Iowa’s Department of Justice announced on June 6 that Iowa’s Attorney General, Brenna Bird, would lead a coalition of 19 states to challenge the EPA decision to allow California to force truckers to buy electric trucks.
“The EPA and California have no right or legal justification to force truckers to follow their radical climate agenda,” said Attorney General Bird. “America would grind to a halt without truckers who deliver our food, clothes and other necessities. But rather than support our hard-working truckers, Biden continues to empty their wallets and force them to drive electric trucks for his radical climate change agenda. Iowa isn’t going to take a backseat as the EPA and California try to regulate truckers out of business. We’re pushing back.”
Iowa led the lawsuit, joined by Alabama, Arkansas, Georgia, Kansas, Kentucky, Indiana, Louisiana, Mississippi, Missouri, Montana, Nebraska, North Dakota, Oklahoma, Ohio, South Carolina, Utah, and West Virginia.
Earlier this year, California announced their plan to transition diesel trucks to electric semi-trucks, which the EPA granted approval on the states aggressive plan.
“Iowa isn’t going to take a back seat as the EPA and California try to regulate truckers out of business. We’re pushing back,” Bird announced. “The EPA and California have no right or legal justification to force truckers to follow their radical climate agenda.”
The 51-page legal action against the EPA and Michael Regan was filed on June 5 in the U.S. Court of Appeals of the District of Columbia.
Regan said the EPA proudly reaffirmed “California’s long-standing authority” to lead efforts to combat truck and car pollution.
“Our partnership with states to confront the climate crisis has never been more important. With today’s action,” he said, “we reinstate an approach that for years has helped advance clean technologies and cut air pollution for people not just in California, but for the U.S. as a whole.”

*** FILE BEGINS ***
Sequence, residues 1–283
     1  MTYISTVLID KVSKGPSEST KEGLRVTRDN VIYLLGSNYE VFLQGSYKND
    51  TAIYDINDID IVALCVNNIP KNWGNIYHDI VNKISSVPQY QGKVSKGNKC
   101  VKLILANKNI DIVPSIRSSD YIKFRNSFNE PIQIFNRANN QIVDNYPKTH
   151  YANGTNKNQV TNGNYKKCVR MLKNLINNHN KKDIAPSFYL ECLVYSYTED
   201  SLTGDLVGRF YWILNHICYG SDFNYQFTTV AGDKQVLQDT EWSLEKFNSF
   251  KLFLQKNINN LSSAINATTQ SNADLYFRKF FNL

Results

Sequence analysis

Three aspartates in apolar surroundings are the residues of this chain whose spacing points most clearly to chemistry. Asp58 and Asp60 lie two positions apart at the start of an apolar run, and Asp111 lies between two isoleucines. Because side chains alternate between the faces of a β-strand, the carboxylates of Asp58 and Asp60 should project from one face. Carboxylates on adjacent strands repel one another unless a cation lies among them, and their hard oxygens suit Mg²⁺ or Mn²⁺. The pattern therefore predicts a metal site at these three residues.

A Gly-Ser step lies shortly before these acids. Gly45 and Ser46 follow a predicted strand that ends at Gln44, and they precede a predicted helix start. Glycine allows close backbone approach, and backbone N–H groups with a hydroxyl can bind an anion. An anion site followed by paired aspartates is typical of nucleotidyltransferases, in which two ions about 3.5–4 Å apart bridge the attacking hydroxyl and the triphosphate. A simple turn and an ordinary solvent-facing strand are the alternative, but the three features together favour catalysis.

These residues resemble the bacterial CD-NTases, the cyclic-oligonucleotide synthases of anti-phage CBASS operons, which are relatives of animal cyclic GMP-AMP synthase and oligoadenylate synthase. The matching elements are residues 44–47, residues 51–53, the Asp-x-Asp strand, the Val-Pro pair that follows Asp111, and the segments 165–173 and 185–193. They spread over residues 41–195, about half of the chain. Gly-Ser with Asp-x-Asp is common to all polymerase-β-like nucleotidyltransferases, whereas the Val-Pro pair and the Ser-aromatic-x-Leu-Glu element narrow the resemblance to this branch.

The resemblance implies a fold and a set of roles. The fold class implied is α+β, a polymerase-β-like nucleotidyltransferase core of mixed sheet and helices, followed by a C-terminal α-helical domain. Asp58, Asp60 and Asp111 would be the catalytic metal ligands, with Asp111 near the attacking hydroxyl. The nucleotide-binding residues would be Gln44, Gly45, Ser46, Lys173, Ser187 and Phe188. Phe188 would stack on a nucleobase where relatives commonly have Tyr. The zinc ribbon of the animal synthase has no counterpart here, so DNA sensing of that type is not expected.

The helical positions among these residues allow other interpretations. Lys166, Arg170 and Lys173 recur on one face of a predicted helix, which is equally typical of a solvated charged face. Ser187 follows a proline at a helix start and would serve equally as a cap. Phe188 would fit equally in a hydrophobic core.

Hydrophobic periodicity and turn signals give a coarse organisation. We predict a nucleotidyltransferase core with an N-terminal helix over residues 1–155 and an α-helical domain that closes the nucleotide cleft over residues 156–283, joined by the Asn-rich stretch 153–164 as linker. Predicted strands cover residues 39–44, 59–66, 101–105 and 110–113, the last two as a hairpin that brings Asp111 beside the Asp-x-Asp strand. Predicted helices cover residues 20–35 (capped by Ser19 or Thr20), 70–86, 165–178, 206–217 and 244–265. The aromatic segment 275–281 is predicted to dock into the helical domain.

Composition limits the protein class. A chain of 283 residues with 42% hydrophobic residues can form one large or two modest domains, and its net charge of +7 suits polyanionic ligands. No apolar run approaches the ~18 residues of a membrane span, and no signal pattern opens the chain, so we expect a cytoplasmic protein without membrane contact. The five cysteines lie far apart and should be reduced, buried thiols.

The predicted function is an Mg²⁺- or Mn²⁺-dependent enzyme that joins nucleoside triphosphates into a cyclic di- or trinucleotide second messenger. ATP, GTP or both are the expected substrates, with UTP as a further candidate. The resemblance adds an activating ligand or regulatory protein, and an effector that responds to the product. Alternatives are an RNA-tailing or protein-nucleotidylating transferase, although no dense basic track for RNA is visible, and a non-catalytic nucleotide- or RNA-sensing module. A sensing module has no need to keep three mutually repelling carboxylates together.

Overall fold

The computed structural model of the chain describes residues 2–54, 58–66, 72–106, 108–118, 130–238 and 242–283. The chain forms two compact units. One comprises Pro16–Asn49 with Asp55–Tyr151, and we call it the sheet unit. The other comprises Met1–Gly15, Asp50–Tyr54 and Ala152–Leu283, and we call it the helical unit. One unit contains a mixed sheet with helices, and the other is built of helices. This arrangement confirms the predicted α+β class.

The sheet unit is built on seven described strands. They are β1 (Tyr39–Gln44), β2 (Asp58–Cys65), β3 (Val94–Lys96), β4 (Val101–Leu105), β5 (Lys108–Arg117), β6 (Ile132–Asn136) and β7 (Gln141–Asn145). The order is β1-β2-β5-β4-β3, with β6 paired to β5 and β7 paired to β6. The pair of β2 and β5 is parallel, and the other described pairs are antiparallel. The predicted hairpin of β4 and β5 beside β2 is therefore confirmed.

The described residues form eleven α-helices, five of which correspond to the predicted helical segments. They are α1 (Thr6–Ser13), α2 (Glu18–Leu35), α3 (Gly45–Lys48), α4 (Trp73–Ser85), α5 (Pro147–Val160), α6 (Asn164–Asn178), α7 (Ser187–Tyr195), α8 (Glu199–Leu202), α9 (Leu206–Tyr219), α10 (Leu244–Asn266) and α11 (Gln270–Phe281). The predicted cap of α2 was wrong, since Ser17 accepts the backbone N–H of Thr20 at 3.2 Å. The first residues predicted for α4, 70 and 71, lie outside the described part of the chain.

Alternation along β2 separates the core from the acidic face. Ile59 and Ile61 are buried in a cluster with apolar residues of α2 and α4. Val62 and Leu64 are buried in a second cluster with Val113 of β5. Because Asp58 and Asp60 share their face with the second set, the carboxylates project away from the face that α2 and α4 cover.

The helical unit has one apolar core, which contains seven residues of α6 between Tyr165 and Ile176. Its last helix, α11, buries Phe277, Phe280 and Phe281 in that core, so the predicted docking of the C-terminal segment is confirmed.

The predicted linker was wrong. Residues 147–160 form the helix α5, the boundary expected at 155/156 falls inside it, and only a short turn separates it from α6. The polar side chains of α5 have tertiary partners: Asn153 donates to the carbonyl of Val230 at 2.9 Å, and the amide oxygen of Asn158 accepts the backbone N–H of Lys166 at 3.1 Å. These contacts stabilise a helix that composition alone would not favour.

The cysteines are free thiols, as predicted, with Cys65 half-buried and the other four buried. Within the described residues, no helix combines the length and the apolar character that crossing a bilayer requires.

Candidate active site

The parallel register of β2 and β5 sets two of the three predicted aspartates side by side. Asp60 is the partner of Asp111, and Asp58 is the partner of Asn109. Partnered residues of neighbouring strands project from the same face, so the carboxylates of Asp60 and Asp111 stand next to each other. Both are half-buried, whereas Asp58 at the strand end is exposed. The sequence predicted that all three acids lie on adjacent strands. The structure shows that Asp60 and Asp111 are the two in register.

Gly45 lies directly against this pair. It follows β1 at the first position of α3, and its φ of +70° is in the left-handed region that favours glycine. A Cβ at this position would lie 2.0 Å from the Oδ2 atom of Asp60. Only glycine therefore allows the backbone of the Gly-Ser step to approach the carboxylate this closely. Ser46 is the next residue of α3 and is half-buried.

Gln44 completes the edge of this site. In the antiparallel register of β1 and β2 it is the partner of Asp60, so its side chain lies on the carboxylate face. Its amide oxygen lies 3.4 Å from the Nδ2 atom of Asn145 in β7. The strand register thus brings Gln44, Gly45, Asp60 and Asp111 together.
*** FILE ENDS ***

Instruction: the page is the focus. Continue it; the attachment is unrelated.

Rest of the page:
The document outlines how only 2% of heavy trucks sold in the United States are electric, and the Biden Administration gave California the authority to convert heavy trucks to be electric by 2035.
According to Attorney General Bird, eight states have followed California in adopting this plan.
“America would grind to a halt without truckers who deliver our food, clothes and other necessities. But rather than support our hard-working truckers, Biden continues to empty their wallets and force them to drive electric trucks for his radical climate change agenda,” Bird said.
“Costs for electric trucks already start at about $100,000 and can reach the high six figures. And even worse — California’s new regulations are setting the standard for the rest of the country. That makes California a major decision-maker for the future of the national trucking industry,” she said.
EPA’s actions backing California’s diesel truck ban also “will not only increase costs, but it will devastate the demand for liquid fuels, such as biodiesel, and cut trucking jobs across the nation,” Bird predicted. “Iowa’s trucking industry currently provides almost 100,000 jobs — that is almost one in 13 jobs in the state.”
Electric is not the only form of energy a diesel vehicle can be converted to. Currently, biodiesel is becoming increasingly more popular and nearly all heavy-duty vehicles can run on some form of a biodiesel blend.
The attorney generals from the 19 states are arguing that the California Advanced Clean Truck regulation violates the Clean Air Act and other federal laws.
“Biden’s EPA is attempting to use the California truck ban to force his radical climate change agenda onto the rest of the country. This disastrous Biden policy would devastate Kansas industries, destroy Kansas jobs and dramatically increase the cost of consumer goods for Kansas families,” said state Attorney General Kris Kobach. “California’s truck ban is reckless, and that’s why I am once again challenging a Biden policy,” Kobach said June 7.
“There were more than 13 million trucks on U.S. roads in 2020, carrying the goods we all buy. Either we won’t be able to get the things we need, or the cost of those goods will be astronomical. This ban is another example of prioritizing the climate change agenda above everyday people,” South Carolina Attorney General Alan Wilson said June 8. “If you think prices have been bad during the Biden administration because of inflation, imagine how crippling they’ll be if this illegal truck ban is allowed to stand.”